Wednesday, May 20, 2020
Federal Rule of Evidence 610 states that
Evidence of a witness’s religious beliefs or opinions is not admissible to attack or support the witness’s credibility.
A good example of a line of questioning that violates Rule 610 can be found in the recent opinion of the Superior Court of New Jersey, Appellate Division in Grewal v. Greda, 2020 WL 2464760 (2020).
In Grewal, the New Jersey Attorney General and the Director of the New Jersey Division on Civil Rights brought a claim that the defendant violated the New Jersey Law Against Discrimination by inquiring about the religion of Fatma Farghaly, a Muslim woman, during her attempt to lease an apartment from him; by refusing to show or lease an apartment to her on the basis of her religion; and by making a statement concerning the gender of a Division investigator during the investigator's inquiry about leasing an apartment from him.
During Farghaly's testimony, defense counsel asked her questions, such as the following:
DEFENSE COUNSEL: Isn't it true that the, that the Muslim practice of deception only, also implies, also applies and is prevalent in Islamic politics? Is it al ..., doesn't, not only does it apply to war, but it also applies to politics and other types of deceptions when you're dealing with people of non-Muslim faith?FARGHALY: That's not true.DEFENSE COUNSEL: Are you familiar with the Quran?FARGHALY: Of course.DEFENSE COUNSEL: 16:106 in the Teachings of Deception. Have you ever read that paragraph?FARGHALY: In Arabic, not in English.DEFENSE COUNSEL: You've read it?FARGHALY: In Arabic, not in English.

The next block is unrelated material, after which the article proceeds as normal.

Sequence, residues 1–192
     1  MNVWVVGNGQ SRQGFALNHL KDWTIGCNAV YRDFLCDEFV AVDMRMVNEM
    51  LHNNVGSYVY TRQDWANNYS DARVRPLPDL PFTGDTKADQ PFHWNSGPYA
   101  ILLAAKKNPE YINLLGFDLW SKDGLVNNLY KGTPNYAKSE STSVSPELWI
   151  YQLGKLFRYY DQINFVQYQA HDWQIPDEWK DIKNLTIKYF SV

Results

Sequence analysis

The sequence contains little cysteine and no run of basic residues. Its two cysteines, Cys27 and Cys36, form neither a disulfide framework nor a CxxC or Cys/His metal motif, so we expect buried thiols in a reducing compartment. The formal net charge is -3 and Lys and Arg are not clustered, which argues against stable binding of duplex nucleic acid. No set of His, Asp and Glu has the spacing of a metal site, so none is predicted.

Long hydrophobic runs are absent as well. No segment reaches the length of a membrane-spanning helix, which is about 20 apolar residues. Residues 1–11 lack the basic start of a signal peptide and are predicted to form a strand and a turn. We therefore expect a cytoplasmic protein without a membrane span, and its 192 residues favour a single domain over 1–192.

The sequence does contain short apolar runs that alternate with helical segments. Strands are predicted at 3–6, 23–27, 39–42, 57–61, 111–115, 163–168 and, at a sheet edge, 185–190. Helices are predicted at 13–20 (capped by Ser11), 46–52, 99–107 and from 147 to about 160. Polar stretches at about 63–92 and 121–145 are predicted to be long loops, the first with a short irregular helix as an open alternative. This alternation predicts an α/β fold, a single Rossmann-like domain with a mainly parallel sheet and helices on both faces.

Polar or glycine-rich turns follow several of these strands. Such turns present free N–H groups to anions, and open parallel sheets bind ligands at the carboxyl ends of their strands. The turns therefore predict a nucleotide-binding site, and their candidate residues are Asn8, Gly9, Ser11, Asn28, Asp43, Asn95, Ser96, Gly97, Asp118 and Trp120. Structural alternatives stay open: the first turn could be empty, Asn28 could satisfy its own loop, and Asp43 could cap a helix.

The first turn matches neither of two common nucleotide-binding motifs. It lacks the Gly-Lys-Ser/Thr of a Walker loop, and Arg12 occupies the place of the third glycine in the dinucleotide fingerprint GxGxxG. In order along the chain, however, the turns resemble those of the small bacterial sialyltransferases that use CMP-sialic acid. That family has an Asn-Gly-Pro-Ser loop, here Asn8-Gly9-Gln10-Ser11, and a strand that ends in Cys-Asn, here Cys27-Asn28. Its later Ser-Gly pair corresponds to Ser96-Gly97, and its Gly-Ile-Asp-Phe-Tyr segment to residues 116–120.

The cross-examination about Islam did not end there. While questioning Farghaly about her income tax returns, defense counsel asked her to confirm the spelling of her accountant's name, “F-A-R-E-S ... K-A-D-A-N,” and then asked, “he's Muslim too, right?” When he cross-examined Farghaly about treatment by her physician, defense counsel said, “and, just for the record, can you please pronounce his last name because I have difficulty with that name ....” Farghaly responded her physician's name was “Elsharif,” and defense counsel asked, “Elsharif? He's Muslim, too, as well?” Farghaly responded in the affirmative.
On appeal, the court found that
The cross-examination of Farghaly about the principles of her religion violated N.J.R.E. 610, which plainly and expressly provides “[e]vidence of the beliefs or opinions of a witness on matters of religion is not admissible for the purpose of showing that by reason of their nature the witness's credibility is impaired or enhanced.”...
Defense counsel's questioning about Farghaly's religious beliefs and the principles in the Quran constituted a clear and direct attack on her credibility. Indeed, the questioning sought information that had no substantive, probative value to any factual issue presented in the matter. Through the cross-examination, defense counsel sought to establish the Quran, the religious text central to Farghaly's faith, directed and condoned lying and telling falsehoods as one of its fundamental principles. The cross-examination further sought to establish Farghaly's faith included another tenet showing a bias affecting her credibility as a witness—her religion required she view anyone who did not share her faith as an infidel.